Let me paint you a word picture. Remember fall/winter of your senior year of high school? Ah, memories. Memories mainly of the grueling, painful, next-level difficult college application process. Perhaps you did not vehemently hate applying to college, and perhaps even did not irrationally procrastinate doing so whenever possible, but if that is the case then you and I are not the same.
Despite this immense struggle, I persevered and applied and got into colleges and accepted one with great joy and relief and thought that was over and done with.
But then I got to college, promptly helped myself to a heavier and more all-encompassing workload than the one I had in high school, and thought, Hey. You know what would be fun? Doing my least favorite thing I’ve ever had to do again, while also having a barely feasible amount of work.
Thus I started up that glorious process again, while living it up in the second semester of my freshman year of college! It was an utter blast, and I definitely didn’t stay at the library until closing three nights per week or anything.
In all seriousness, there is no human emotion on this Earth quite like logging into the Common App website as a college student. I have never experienced full-body disgust like I did at the moment I was forced to enter the abyss of the College Board website and once more pay $15 to send each AP score to each school on my list. (What on this great green earth could those fifteen dollars possibly go to? They don’t even have to print anything! Just inform four post-secondary institutions of the grade I received on a U.S. History exam I took three years ago, please!)
I am already way more excited about Emerson than I was about my last school (air of mystery here so as not to start any drama), which makes that terrible period of my human existence worth it. However. Things did not suddenly become easy, which was a disappointment because I hope constantly that life will abruptly transform into a 24/7 walk in the park.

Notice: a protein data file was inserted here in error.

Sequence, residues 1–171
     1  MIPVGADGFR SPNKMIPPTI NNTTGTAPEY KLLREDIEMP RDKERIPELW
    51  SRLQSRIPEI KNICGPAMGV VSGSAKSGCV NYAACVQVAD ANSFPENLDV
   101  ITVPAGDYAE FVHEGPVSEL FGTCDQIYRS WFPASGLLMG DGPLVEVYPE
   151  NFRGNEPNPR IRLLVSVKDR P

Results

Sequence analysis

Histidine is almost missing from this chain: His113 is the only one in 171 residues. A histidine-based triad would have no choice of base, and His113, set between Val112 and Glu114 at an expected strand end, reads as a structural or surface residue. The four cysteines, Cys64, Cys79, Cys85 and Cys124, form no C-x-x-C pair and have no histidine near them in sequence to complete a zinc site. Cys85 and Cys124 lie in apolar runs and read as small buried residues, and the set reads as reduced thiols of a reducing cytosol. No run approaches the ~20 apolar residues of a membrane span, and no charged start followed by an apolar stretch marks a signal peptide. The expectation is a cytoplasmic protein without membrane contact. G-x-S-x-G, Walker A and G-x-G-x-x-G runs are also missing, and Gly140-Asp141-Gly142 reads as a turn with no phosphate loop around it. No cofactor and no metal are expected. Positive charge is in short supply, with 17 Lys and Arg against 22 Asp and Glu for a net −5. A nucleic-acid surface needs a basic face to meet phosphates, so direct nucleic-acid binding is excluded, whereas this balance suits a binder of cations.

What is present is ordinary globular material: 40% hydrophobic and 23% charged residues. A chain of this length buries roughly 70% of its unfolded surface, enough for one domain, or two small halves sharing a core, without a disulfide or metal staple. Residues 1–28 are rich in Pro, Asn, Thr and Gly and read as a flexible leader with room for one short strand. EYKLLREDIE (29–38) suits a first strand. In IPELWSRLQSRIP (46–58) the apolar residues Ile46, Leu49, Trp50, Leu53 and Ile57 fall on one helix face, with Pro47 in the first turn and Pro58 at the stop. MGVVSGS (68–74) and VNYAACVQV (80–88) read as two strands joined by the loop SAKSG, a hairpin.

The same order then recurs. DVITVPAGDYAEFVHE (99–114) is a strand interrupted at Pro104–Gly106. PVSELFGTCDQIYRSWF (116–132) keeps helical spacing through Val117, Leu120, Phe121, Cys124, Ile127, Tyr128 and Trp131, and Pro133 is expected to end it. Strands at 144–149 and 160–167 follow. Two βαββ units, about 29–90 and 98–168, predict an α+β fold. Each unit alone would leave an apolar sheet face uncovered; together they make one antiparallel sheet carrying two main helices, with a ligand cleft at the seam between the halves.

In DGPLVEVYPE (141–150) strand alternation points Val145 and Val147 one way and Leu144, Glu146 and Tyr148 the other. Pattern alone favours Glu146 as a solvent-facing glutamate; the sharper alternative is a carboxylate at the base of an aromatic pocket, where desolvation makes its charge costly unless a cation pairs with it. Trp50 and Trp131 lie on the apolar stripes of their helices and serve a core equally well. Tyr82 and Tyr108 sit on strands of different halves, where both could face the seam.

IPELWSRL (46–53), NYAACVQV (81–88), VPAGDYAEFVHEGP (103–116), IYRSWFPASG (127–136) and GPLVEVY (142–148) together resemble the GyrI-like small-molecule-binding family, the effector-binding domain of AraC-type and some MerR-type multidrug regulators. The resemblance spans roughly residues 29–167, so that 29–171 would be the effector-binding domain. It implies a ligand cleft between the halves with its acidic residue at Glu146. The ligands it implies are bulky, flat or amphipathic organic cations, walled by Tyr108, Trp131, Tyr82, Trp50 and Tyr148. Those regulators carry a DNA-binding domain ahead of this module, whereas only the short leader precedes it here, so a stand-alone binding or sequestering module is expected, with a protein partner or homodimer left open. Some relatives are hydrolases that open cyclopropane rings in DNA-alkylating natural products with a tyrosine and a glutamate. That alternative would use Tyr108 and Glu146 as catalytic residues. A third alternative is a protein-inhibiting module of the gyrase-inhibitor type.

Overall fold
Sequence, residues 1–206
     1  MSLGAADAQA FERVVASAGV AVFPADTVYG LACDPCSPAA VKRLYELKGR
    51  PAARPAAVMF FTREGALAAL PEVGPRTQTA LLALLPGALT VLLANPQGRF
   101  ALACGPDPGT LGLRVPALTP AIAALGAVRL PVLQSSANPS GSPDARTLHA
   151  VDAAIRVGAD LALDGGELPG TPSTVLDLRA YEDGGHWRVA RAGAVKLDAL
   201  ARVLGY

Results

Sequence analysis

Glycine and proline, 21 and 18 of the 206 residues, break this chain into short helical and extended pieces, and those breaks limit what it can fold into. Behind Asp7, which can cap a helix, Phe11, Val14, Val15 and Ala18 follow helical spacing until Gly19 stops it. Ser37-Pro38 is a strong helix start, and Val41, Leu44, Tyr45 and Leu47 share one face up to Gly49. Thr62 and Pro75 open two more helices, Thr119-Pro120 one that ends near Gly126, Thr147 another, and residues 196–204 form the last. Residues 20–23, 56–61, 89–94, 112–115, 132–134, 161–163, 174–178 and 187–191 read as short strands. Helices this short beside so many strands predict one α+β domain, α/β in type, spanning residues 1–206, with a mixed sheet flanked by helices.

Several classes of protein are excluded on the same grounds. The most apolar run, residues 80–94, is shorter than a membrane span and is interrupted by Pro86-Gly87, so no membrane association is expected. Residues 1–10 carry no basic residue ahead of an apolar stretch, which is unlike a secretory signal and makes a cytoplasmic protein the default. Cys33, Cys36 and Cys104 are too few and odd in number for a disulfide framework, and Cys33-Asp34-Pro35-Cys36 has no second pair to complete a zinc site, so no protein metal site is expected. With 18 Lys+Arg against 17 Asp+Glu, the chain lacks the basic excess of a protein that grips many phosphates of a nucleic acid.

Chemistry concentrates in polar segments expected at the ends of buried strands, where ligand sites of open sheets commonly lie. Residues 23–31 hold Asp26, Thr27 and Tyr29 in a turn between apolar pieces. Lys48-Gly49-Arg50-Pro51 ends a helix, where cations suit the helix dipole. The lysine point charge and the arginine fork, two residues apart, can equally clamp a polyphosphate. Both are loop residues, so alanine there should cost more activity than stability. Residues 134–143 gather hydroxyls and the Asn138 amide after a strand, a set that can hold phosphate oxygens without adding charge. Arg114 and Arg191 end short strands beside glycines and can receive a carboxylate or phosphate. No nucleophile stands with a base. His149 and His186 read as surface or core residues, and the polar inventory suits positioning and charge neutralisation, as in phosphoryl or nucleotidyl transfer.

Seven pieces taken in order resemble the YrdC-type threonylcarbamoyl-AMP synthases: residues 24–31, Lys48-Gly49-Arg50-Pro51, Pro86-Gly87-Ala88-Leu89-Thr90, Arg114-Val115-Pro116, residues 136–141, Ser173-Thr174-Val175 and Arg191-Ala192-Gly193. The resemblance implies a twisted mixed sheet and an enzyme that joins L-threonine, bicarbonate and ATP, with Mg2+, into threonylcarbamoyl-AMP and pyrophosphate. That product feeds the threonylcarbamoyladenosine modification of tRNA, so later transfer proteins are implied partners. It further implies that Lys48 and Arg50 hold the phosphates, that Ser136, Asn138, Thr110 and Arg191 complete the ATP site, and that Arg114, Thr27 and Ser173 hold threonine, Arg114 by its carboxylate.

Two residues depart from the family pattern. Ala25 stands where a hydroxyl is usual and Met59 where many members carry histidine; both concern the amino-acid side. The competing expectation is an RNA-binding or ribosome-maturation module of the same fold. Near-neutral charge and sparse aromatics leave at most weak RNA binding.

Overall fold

Being an Emerson student is pretty great so far, but being a transfer student can be hard. It is often like being a freshman, but with none of the youthful glow and optimism. All the knowledge you built up about your last college is suddenly totally useless. (I haven’t needed to keep up a mental ranking of preferred shower stalls in the second-floor communal bathroom of my dorm building in five months, and yet here I am today, constantly aware that the one closest to the window is by far the best in terms of amount of space and adaptability of water temperature.)
But this breadth of knowledge is not the worst thing that does not transfer, because if you start attending Emerson YOUR GPA DOES NOT TRANSFER. This is truly the worst thing I can possibly imagine. Not only does it feel like all the work I did last year has disappeared before my very eyes, but I have much less time and fewer data points now. In other words, a required class I didn’t want to take in the first place suddenly matters a whole lot.
If there is one thing in the entire world that rivals the loss of my existing GPA for unpleasantness, it is having to make friends once again. As a process, it is so hard and weird! But here I am in a new city, at a new school, and apparently socializing is expected, or something. This is especially difficult because it is very tempting to lay on the floor and use Snapchat and Instagram to watch the lives of my friends from my last college and/or my friends from home as they happily begin their second year at the same school. With friends they’ve already made. What a luxury!
But even with all of those mildly depressing negatives, I still really recommend transferring if you feel unsatisfied. Because we all pay wayyyy too much money to get anything other than the best four years of all time.